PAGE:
Every year, the Ole Gilliam Mill in Sanford hosts their yearly crank-up, and every year this small festival is such a pleasant day trip! Although open year round for campers, weddings, or even just a pleasant stroll, they really bring out the big dogs for their festival.
The orginal Gilliam’s Mill was built in 1850 by Stephen Henley, and passed thru a few hands before being washed away by a flood in 1928. Worth Pickard bought the tract, and reconstructed the mill slightly up the creek from the original site. In 2000, the Pickards donated the mill, along with 15 acres and several buildings, to the Ole Gilliam Mill Park, which is a non-profit.
Some high points of exploring this park, along with the mill itself, include a covered bridge, a large pond with some un-identified ducks (and if you know what these ducks are, they would sure like to know themselves!) large grindstone picnic tables, a stage with a covered audience area. Of course, there is also the motors, and what motors they are! We have included a few pics below to give you an idea.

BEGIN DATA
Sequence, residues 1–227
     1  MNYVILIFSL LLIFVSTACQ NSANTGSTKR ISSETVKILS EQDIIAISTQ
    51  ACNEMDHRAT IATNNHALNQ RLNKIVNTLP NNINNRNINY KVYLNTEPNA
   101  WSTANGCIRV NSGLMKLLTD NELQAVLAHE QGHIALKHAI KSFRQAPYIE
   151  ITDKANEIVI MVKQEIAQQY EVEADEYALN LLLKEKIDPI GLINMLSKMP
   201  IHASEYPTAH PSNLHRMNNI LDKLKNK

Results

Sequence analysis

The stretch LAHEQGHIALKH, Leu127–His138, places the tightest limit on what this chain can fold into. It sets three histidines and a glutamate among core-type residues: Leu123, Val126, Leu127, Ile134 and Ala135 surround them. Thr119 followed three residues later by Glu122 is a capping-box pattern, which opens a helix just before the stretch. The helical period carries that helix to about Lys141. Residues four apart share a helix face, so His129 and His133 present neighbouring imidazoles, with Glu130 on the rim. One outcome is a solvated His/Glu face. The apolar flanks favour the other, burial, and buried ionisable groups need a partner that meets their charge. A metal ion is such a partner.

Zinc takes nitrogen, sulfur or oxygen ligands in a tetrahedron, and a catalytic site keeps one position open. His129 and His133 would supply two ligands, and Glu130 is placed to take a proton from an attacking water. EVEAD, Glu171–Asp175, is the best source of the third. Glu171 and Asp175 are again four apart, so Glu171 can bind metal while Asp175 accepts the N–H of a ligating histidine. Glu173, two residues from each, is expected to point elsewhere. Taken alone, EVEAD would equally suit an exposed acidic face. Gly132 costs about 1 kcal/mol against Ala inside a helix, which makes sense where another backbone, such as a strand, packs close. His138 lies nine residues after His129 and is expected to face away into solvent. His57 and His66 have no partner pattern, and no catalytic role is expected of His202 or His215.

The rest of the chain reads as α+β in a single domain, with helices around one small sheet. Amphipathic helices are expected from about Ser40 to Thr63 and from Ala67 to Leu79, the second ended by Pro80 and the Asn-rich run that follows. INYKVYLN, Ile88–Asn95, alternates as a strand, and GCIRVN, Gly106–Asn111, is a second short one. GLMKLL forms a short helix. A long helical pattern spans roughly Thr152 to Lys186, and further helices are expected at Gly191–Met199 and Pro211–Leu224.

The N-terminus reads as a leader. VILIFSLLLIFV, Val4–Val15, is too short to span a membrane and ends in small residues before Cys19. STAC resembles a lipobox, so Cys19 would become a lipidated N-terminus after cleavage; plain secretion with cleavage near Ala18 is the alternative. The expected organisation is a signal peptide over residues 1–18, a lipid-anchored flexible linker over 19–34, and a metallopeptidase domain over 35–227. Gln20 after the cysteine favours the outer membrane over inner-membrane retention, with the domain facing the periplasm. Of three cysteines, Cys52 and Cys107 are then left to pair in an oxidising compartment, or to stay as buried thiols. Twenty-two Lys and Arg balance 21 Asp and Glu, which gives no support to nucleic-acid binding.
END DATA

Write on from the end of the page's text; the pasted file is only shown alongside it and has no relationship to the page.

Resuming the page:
Another big draw is the Ole Gilliam Mill Pottery showroom, and the visible wood fired kiln. Periodic demonstrations are offered for those interested in the process of wood-firing.
We have included a few pictures of the buildings that were open for the festival, such as the Civil War cabin, the Freeman Cabin, the blacksmith shop, etc.
The address for Ole Gilliam Mill is:Hwy 42 West
Sanford, NC 27330
To rent the area for events, please contact Jimmy Bass at 919 774 5554 or 919 498 5324. To learn more about the mill, you can view their website by clicking here.
If you would like to view the facebook page for Ole Gilliam Mill, please click here.
Pond and resident ducks
The Covered Bridge
The Actual Wheel
Views of Gilliam’s Mill
One of two cabins
Ole Gilliam Mill Pottery
Chain Saw Carving
Huff Puff Poofs
And now? We’re “going hunting”. We hope you enjoyed learning a little about Ole Gilliam’s Mill. It is truly a beautiful place that is devoted to preserving some of our North Carolina history, and we thank all the people involved in the Crank Up for taking time to answer our questions.